I know many professionals find that comparing themselves – their performance, their results, and their career trajectory – to others’ helps keep them sharp. They use it as a gauge of how well they’re doing or where they want to be.
I’m not a fan of comparison, even though I catch myself doing it on a regular basis. Comparison erodes self-esteem (who’s “better?”) and it disconnects you from your sense of self (full of “should”).
Here’s why comparison is such a flawed concept in my world: I see resumes, every day, where my clients are doing similar jobs, but the backstories – how they got from there-to-here – are totally different. I have yet to discover the one-size-fits-all, secret formula to career satisfaction.
Everyone interprets career satisfaction differently (I know, weird, huh?) And every single client who has left a job and taken a risk by not having the next one lined up, has had a different motivation for doing so.
Maybe you’ve experienced this type of comparison? Ryan was rolling along with his job search until he heard that a former colleague, who wasn’t even looking, had landed her dream job with little effort. Urgh! He was happy for her, but he couldn’t help but do a teeny, tiny bit of comparison.
He started with the typical questions like “How did she do it” and “What did she do that I haven’t done?” These could have been productive queries – but they quickly deteriorated to “Why can’t I be that lucky?” “I’ve paid my dues – when do I get a break?” His self-confidence took a dive and his job search got off track. I get it.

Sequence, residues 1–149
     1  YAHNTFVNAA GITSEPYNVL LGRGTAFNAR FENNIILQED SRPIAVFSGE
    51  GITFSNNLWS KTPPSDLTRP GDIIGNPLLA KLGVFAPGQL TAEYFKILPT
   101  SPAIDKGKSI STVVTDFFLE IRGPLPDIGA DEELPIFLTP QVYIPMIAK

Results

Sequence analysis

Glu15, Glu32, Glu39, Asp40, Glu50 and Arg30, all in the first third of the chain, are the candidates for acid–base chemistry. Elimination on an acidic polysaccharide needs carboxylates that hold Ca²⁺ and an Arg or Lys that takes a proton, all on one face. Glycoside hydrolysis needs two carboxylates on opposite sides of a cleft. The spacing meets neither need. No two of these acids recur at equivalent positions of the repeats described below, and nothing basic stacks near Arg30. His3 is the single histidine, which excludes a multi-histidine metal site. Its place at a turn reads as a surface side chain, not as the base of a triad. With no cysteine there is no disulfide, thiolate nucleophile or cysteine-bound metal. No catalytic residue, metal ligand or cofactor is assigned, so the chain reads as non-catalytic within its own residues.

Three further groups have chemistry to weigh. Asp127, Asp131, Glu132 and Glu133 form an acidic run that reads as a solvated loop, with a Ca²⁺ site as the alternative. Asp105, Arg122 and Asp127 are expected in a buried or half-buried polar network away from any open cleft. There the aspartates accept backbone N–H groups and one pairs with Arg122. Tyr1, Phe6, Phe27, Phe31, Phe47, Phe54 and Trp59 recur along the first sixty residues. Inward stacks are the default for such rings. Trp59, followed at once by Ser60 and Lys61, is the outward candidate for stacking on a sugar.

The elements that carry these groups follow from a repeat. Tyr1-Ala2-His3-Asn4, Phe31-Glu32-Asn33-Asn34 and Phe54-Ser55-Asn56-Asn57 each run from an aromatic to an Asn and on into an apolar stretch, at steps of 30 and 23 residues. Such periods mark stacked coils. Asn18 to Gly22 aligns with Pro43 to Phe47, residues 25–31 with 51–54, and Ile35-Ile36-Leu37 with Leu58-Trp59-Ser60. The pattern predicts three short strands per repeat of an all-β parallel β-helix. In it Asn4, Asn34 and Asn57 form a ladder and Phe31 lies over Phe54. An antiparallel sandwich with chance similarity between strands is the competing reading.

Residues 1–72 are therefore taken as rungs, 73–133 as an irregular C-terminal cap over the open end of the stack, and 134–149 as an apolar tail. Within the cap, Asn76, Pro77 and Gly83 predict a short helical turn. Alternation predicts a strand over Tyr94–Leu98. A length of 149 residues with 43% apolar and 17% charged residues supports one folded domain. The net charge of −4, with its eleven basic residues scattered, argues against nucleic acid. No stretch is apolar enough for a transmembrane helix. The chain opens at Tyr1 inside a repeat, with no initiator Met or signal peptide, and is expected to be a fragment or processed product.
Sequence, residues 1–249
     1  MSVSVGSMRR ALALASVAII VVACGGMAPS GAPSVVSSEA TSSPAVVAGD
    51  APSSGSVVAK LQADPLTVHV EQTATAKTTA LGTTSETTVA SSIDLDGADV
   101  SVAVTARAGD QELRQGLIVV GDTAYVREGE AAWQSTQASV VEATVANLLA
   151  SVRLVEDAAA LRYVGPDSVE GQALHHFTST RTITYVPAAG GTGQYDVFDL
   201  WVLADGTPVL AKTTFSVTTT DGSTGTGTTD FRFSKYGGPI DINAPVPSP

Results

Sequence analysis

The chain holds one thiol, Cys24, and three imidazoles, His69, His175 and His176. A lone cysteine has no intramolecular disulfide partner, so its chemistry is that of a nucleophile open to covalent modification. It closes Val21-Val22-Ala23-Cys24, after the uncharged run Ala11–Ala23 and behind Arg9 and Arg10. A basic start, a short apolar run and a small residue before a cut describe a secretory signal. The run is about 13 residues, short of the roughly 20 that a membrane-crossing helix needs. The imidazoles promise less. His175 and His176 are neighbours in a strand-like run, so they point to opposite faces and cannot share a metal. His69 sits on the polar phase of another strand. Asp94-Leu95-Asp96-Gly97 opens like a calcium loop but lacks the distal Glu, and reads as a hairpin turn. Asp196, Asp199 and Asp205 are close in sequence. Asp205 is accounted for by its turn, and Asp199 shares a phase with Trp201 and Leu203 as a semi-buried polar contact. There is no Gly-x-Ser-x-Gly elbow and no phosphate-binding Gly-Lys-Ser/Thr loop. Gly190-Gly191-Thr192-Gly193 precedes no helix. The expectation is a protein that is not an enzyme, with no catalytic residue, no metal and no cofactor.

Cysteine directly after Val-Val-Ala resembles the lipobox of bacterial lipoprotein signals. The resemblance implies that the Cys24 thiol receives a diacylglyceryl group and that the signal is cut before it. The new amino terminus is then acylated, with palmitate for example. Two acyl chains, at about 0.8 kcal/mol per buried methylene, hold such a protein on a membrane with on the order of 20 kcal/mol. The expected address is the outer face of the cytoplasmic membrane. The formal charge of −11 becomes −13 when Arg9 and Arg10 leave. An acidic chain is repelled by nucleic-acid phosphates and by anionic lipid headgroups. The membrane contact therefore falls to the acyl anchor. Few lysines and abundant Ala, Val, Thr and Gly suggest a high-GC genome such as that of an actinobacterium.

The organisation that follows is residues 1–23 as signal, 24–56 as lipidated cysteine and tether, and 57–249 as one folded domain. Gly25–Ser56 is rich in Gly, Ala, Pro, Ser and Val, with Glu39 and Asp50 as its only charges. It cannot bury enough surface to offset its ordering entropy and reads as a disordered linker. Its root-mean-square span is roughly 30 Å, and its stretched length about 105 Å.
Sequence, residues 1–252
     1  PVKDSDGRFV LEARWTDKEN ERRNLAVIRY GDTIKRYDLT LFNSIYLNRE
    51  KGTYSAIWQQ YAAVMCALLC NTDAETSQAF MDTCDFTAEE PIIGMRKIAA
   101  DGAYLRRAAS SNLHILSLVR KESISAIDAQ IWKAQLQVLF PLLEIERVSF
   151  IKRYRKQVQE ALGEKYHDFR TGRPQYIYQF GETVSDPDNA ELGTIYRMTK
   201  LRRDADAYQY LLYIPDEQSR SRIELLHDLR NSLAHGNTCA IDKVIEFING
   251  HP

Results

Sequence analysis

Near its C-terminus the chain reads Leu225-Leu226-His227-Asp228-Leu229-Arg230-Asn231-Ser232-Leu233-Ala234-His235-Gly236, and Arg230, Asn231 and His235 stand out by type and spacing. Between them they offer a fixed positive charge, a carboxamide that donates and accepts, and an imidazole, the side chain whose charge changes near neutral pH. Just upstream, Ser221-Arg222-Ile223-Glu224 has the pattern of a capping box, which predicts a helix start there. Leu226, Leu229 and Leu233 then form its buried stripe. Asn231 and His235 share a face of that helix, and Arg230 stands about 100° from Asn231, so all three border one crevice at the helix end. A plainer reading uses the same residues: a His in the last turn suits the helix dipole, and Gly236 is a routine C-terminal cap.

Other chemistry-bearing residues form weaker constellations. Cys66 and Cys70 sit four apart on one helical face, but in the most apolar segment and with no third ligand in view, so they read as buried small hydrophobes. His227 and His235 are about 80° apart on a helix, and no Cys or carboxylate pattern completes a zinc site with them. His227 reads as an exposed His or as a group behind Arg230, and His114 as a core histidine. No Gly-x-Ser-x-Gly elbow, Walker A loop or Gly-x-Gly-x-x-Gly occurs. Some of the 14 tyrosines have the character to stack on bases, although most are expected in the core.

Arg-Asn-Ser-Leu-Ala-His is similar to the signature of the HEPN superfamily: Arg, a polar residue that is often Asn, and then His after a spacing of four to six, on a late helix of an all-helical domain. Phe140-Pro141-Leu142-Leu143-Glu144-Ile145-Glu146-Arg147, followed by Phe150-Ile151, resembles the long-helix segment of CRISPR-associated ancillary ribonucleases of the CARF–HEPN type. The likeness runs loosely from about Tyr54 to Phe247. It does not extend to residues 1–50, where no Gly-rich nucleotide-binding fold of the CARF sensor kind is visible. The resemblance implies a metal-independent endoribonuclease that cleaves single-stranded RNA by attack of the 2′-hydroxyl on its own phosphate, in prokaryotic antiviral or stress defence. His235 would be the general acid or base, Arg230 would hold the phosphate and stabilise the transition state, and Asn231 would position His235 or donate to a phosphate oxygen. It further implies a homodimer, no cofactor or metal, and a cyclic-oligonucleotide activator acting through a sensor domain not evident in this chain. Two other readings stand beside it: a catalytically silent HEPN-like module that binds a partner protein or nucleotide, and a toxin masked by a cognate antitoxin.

A few months ago, I was chatting with a new career coach, who was lamenting that she didn’t have any clients. She was mystified as to why, after building her website, letting her connections know she was now coaching, and writing a few blog posts, she didn’t have a single client.
I thought about everything that goes into building any business or landing a new job. The visible stuff that others see (raising your visibility, putting yourself out there through networking) and the invisible stuff (the rejection, the self-doubt, the persistence when you hit a roadblock) that few see. It’s all a part of success – and frankly, why I think we should celebrate others rather than compare ourselves to them.
That’s why the Iceberg Illusion is the most perfect image of success. EVER.
I’m not going to cheerlead you and tell you how important it is to rally and get back on track. I just want to remind you that can choose to look at success differently. Hang in there and appreciate that every rejection, every resume revision and every networking appointment is contributing to your success.